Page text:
Those statements are from the beginning and the end of the Manifesto. The fundamental impulse of Marxism comes from a “spectre”, that is, an evil spirit. You may prefer the euphemism that it arises from an “idea”, or a meme. In that case, it is easy to forget that ideas are “conscious realities”; a fortiori, it neglects to take Marx’s own claim seriously.
The goal of Marxism, as Marx pointed out, is to support “the forcible overthrow of all existing social conditions”, i.e., the socio-political order (not just the economic order), wherever and whenever possible. This is always couched in terms of increased freedom or liberation, so that even many who claim to oppose Marxism, are actually supporting its aims.
Once this is grasped, contemporary events reveal themselves. There is no rationality to the revolution, since it is guided by evil spirits. The revolution always denies the Logos, and attacks Him constantly.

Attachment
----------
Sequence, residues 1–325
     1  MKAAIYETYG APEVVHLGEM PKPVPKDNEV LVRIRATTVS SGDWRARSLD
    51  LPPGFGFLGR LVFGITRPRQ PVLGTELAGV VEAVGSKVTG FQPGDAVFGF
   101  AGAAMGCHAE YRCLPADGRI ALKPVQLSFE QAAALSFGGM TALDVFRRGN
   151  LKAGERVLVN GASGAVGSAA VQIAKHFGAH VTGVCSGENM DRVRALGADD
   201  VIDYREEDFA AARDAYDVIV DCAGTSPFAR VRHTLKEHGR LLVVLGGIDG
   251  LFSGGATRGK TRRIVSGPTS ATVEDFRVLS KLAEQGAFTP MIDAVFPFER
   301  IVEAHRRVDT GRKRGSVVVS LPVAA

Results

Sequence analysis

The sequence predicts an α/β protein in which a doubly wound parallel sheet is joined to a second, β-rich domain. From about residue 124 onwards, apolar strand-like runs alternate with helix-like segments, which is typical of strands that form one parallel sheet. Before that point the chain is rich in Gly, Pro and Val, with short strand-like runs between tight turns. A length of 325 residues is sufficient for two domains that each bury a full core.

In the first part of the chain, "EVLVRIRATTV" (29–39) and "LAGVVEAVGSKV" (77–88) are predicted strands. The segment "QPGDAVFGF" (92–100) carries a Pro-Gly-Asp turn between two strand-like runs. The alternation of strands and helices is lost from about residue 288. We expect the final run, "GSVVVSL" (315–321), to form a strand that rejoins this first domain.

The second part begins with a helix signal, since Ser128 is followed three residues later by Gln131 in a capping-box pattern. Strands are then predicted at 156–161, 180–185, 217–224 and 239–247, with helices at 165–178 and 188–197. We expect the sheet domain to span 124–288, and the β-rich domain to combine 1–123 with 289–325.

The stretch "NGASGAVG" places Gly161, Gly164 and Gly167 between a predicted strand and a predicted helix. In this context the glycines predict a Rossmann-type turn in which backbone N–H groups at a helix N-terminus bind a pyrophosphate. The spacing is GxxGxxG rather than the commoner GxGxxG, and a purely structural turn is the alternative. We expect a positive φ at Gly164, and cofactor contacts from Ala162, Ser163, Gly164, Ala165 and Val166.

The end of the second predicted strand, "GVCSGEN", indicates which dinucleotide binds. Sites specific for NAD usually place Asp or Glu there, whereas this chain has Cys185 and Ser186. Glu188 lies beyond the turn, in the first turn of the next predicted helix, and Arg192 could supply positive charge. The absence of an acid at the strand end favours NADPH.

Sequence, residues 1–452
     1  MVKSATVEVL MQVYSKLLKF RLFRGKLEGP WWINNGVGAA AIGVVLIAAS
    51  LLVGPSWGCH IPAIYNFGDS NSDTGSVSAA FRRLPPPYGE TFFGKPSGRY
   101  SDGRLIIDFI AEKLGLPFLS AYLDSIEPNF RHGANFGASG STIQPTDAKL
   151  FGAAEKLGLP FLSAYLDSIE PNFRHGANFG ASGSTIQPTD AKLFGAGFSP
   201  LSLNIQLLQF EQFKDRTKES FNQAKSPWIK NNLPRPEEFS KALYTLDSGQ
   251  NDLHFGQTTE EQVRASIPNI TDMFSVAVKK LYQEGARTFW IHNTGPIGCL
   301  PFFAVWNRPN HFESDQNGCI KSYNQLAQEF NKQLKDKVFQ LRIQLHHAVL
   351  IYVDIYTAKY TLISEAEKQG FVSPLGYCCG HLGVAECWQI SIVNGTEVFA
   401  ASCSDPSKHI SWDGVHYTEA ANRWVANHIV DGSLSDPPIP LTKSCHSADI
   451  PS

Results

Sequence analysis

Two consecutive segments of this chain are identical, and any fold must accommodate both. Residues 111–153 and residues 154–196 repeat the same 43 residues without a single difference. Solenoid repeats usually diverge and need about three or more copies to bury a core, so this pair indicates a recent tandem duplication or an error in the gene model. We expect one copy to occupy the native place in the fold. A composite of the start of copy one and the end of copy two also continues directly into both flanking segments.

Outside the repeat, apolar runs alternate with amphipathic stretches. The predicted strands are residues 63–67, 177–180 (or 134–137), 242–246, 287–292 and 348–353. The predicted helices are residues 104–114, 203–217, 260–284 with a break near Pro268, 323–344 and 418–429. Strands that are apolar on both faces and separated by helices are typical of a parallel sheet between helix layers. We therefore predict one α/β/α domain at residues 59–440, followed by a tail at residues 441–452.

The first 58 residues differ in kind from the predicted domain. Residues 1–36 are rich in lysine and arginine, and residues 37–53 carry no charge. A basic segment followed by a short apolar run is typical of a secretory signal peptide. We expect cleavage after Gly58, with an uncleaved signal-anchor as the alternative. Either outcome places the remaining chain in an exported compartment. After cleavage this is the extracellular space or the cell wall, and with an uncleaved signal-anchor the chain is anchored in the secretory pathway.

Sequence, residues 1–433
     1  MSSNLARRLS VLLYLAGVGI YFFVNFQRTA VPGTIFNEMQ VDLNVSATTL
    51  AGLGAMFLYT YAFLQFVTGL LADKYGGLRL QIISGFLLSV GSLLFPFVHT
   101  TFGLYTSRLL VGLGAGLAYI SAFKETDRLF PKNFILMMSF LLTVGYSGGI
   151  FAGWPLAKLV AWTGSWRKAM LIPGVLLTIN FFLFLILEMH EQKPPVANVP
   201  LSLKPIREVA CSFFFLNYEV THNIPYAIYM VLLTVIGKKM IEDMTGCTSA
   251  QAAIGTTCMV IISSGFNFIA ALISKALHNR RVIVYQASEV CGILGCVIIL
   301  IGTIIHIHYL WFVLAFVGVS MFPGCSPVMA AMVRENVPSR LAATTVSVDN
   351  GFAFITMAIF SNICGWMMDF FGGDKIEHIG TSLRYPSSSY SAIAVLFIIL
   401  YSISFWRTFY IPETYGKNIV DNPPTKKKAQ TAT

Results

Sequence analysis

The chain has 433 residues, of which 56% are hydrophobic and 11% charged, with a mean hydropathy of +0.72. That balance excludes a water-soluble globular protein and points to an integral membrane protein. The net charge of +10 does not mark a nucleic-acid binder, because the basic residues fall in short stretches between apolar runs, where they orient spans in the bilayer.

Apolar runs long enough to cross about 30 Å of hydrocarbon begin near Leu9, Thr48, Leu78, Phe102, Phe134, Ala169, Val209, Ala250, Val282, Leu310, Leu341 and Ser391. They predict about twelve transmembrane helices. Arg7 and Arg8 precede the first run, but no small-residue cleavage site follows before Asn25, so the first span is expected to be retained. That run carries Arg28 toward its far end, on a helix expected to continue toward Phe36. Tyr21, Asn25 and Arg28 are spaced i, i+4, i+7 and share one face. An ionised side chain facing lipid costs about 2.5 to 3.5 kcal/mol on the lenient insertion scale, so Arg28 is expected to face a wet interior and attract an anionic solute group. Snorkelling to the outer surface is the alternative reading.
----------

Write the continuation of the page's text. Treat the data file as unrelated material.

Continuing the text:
Joseph de Maistre famously claimed that what is required is the “opposite of a revolution”, that is, the establishment of the proper socio-political order of things. That can be understood as the recovery of the values that “every well-bred man considered healthy and normal” prior to the revolution. This is not nostalgia for a return to the social and material conditions of a bygone era. The natural, or better, supernatural, order is transcendent to the vagaries of history. Thus, Tradition has manifested in many different concrete forms, while retaining its transcendent values. Marxism, on the other hand, is a materialist understanding of history.